Deonar landfill in Mumbai still in the dumps, BMC ignorant, says petitioner
There were major fires at the Deonar dumping ground between January and March 2016Updated: Apr 30, 2017 00:26 IST
A year after the Bombay high court set up a six-member committee to monitor and improve conditions at the fire-prone Deonar dumping ground, a member has told HC that no significant measures have been taken to improve the condition of the city’s largest landfill.
The committee, set up on April 20, 2016, included a retired IPS officer, a retired IAS officer, a representative from National Environment Engineering Research Institute (NEERI), an official from Indian Institute of Technology, a senior official from the Brihanmumbai Municipal Corporation (BMC)’s solid waste management department (SWM) and Raj Kumar Sharma, the petitioner in the case. The IAS officer, who was the chairperson of the committee stepped down due to ill health.
There were major fires at the Deonar dumping ground between January and March 2016, which increased air pollution to alarming levels.
Sharma, who first filed a petition in 2014 in the court filed an affidavit saying that BMC has taken no significant steps to manage the dump. He has also asked that the committee be reinstated with a new chairperson. “Since there were no meetings held for the last two months, I was forced to go to back to the HC for help. Apart from setting up of watchtowers and CCTV cameras, no significant steps were taken and the abysmal condition of dumping ground persists,” said Sharma. “The court orders are not being followed, things have not improved and the height of trash still stands as high as 35 metres.”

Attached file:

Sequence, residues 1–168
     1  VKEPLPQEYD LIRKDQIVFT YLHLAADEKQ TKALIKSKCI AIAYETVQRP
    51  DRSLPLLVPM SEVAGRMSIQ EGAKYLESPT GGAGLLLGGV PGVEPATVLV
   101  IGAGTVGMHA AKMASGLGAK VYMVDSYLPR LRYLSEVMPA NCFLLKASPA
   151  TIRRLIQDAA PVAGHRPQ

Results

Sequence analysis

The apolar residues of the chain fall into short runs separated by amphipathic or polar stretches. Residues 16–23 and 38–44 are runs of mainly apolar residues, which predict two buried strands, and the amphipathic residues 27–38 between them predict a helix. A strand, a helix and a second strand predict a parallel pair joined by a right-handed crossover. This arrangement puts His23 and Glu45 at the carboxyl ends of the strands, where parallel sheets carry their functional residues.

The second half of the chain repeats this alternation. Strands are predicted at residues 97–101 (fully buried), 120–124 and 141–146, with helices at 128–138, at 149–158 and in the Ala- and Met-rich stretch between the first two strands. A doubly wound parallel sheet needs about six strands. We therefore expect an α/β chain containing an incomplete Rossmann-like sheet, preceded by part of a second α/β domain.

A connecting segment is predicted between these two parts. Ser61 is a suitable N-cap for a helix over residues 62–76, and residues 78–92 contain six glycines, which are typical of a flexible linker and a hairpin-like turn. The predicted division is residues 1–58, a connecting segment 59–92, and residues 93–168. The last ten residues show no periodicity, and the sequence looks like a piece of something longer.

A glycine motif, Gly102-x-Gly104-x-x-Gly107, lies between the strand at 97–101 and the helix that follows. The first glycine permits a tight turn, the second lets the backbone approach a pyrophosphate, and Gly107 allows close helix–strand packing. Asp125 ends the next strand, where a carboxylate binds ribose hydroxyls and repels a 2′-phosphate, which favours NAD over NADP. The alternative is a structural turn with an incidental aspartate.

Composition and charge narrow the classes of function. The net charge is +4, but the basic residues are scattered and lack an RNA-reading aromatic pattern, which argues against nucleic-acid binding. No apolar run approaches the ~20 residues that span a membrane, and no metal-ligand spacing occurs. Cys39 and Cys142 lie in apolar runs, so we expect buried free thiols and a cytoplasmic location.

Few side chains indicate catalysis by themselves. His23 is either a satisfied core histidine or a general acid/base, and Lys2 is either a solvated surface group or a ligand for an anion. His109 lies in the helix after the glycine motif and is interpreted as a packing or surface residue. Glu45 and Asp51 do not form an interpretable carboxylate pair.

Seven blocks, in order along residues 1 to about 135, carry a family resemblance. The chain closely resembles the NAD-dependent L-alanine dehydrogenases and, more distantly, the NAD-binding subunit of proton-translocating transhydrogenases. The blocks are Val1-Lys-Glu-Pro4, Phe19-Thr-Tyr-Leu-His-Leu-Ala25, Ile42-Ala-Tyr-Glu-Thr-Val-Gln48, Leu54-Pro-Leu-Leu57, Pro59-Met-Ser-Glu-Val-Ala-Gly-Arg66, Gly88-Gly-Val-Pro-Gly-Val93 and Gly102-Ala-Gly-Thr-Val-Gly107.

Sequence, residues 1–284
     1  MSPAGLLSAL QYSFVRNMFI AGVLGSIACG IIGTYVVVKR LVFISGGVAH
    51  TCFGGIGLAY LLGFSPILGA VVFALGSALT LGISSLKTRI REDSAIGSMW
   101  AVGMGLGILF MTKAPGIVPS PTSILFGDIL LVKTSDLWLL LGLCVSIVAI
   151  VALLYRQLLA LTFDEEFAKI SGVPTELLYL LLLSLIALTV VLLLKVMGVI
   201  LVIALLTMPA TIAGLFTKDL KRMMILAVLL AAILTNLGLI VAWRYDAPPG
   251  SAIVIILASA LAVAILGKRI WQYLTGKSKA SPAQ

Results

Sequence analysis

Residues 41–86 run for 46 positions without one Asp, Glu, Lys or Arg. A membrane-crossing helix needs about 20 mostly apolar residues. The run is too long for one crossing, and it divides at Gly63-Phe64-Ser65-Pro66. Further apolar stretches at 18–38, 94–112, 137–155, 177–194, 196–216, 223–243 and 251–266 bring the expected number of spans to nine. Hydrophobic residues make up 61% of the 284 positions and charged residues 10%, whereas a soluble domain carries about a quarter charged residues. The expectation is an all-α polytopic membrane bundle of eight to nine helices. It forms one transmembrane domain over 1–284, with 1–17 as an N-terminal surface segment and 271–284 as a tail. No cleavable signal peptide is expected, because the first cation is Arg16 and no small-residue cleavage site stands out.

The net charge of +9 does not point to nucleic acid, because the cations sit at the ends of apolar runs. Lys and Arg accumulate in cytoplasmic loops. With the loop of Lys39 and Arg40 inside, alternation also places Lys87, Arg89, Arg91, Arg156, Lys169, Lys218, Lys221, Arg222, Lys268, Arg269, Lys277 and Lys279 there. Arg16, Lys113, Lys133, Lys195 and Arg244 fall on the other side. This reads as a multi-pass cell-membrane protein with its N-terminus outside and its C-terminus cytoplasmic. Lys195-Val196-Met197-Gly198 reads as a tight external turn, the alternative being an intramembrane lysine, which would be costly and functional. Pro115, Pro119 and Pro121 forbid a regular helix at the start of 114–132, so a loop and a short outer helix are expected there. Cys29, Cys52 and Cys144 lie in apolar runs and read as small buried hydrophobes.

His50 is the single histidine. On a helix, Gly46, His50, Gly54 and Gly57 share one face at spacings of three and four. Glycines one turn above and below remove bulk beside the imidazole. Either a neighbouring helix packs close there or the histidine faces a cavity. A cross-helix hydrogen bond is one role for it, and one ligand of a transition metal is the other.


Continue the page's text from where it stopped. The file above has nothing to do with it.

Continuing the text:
According to BMC’s recent environment status report, the city generates 9,500 metric tonnes of waste daily and Deonar receives 23.5% of this. In 2016, the HC had put a ban on new construction in the city, until BMC increases its waste treatment capacity. BMC had been asked to augment waste treatment capacity to at least 11,000 tonnes per day by June 30, 2017.
He added that specific details about how both short-term and long-term orders were not being followed will be revealed during the HC hearing scheduled a fortnight away.
Civic body officials said they will be submitting an affidavit in court requesting for an extension regarding the June 30, 2017 deadline. “While there have been no fires this year, a number of security measures have been beefed up at Deonar. Additionally, the long term measure of converting waste-to-energy will be done by 2020. However, considering the quantum of waste, it is impossible to complete all short-term measures by the deadline set by court,” said a senior official from BMC’s SWM. “The affidavit is being prepared and will be submitted in court soon.”
- Increase the number of security personnel to prevent miscreants from entering the dumping ground (4-5 CCTV cameras installed, eight watchtowers erected) and setting fire to the garbage.
- Zoning of the dumping ground to allow the civic body can cordon off the area in case of fire. (Zoning not completed)
- High mast sodium lamps to illuminate the dump yard that will help identify miscreants. (The dumping ground is dark and dingy)
- Fire engine inside the dumping ground (BMC in the process of procuring 11 special fire tenders)
- Police chowky inside the dumping ground (not done)
- Water hydrants at various locations to sprinkle water in case of a fire (not done)
- Identification cards for rag pickers entering the dumping ground (completed)
- Build a compound wall so that there is only one entry/exit (yet to be started)
- Air quality monitoring station around the dumping ground (communication has been made to state pollution control board)
- The civic body must rope in private companies for scientific recycling of garbage (expected to be completed by 2020)
- Separate section for storage of dry, wet and biomedical waste (biomedical waste storage was always separate but dry, wet and construction debris being dumped together)